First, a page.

@realDonaldTrump… in the flesh

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FIRST: I’ll leave out my political commentary since this is simply a story about the time I met the next President of the United States.


Phone rings at 8:30 Tuesday morning.

If you can get to Colorado Springs within the next two hours,
you can have an interview with Donald J. Trump.

I had just walked into work and was sitting at my desk clicking through the emails that had trickled in since 5 o’clock the night before. I heard my boss take the call and was already packing the gear by the time he hung up. We work in the suburbs, two hours north of the rally happening that day in Colorado Springs. We had been in communication with both campaign communicaiton offices for the past year trying to work out a time to do an interview.

In the 350+ interviews with heads of state, Presidents of foreign countries and celebrities I’ve produced in the last 4 years, this one was a shock to even me. Meeting a presidential candidate is really exciting. The pomp and circumstance, the anticpation, the posse of support staff is a spectacle in and of itself.

Whenever you have interactions with someone of notoriety I find that they’ll either be very warm and convesational, or very distracted and anxious to get to their next appointment. Famous people tend to be very busy people whose schedules barely allow time to eat and sleep. I always view guests’ time allottment to be on show as a generous donation of their most precious resource.

I assumed that Mr. Trump would be in the latter, more distracted, category. He’s about to give a speech at the first of three rallys of the day, after he finishes our interview and the two interviews after us.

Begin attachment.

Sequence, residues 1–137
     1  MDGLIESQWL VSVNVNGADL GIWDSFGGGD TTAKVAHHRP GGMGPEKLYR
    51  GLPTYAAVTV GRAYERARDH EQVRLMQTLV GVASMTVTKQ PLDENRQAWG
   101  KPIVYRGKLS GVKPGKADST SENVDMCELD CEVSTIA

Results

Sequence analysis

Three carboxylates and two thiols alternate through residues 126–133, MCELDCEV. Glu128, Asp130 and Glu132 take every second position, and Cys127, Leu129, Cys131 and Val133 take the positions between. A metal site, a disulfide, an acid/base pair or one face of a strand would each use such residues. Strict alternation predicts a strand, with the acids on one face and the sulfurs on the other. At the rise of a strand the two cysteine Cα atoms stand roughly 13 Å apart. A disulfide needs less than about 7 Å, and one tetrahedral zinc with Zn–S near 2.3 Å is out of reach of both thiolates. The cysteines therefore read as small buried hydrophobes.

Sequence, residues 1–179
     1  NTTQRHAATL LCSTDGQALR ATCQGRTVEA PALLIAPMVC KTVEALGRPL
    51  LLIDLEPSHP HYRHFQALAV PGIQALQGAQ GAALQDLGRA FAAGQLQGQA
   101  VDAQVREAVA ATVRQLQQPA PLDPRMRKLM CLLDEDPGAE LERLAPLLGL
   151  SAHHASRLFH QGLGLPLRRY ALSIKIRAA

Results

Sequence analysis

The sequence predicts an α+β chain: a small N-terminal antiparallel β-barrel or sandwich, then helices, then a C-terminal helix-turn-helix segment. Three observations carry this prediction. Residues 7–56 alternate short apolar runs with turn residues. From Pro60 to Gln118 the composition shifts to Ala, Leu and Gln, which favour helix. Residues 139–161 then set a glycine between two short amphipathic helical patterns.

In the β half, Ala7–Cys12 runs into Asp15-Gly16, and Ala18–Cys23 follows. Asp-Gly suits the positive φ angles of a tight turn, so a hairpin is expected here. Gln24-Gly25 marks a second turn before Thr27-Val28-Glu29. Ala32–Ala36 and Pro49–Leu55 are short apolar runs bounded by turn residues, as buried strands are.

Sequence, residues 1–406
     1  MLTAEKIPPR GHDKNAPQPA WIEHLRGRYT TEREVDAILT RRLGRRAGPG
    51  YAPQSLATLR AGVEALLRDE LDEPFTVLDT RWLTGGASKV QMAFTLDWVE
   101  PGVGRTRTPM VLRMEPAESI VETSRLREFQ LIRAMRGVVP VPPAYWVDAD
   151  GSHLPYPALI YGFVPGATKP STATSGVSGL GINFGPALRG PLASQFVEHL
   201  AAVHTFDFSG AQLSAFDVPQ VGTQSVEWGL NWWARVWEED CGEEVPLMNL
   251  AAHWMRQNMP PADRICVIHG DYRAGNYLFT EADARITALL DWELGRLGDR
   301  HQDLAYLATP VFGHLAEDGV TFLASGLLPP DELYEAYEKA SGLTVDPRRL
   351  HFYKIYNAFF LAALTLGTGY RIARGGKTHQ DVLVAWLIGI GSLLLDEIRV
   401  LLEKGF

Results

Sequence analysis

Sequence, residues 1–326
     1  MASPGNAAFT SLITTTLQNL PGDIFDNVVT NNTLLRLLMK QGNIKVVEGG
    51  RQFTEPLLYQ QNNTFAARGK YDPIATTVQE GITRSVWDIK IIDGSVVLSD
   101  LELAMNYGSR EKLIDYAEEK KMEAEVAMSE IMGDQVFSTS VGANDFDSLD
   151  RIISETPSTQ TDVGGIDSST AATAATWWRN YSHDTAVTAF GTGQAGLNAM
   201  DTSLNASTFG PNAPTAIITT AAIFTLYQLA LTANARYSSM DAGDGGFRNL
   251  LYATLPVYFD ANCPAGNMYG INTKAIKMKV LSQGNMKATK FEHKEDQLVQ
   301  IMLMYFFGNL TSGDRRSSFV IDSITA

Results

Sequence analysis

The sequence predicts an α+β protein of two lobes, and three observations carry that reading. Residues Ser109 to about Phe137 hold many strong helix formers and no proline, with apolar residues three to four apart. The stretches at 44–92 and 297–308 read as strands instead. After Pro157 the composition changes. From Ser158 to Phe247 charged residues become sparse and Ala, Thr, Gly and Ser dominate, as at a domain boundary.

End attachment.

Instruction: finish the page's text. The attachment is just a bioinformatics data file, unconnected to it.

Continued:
Leading up to the interview I arrived at the venue, kind of a horse arena in Colorado Springs with my 4 bags of camera gear. Secret service went through all the bags and then released me to the media stands in the mid-back of the arena. The ground had been packed down and covered in faux grass for the event, but was still a little uneven from being trod upon daily by horses. I found the Trump campaign Colorado communications contact and asked to see the interview area.  I was led with my crew to the area behind the black stage curtain.  Instead of a well lit, quiet room I found that the interview area was merely a black curtained off 20’x20′ cube on the same unever dirt directly behind the stage. My disappointment at this was great. Keeping audio clean would be virtually impossible and adequately lighting the interview almost impossible.  We spent the next hour working with the Trump communications team at the arena about the cameras we’d be allowed to use, the time we’d have to set up, and the status of Mr. Trump’s flight. We were to be granted the first interview, meaning we could set up our cameras a few minutes before he arrived. This welcome news to me. I prefer to have hours of time to set up the chairs, adjust the lighting and fine tune the background. Here, for our most important interview of the year, I would have a few minutes to get everything perfect. We were shown the tape line where Mr. Trump would stand and where Aaron would stand. Set our cameras up, focused the shot, got the mics ready and then were given the 15 minute warning.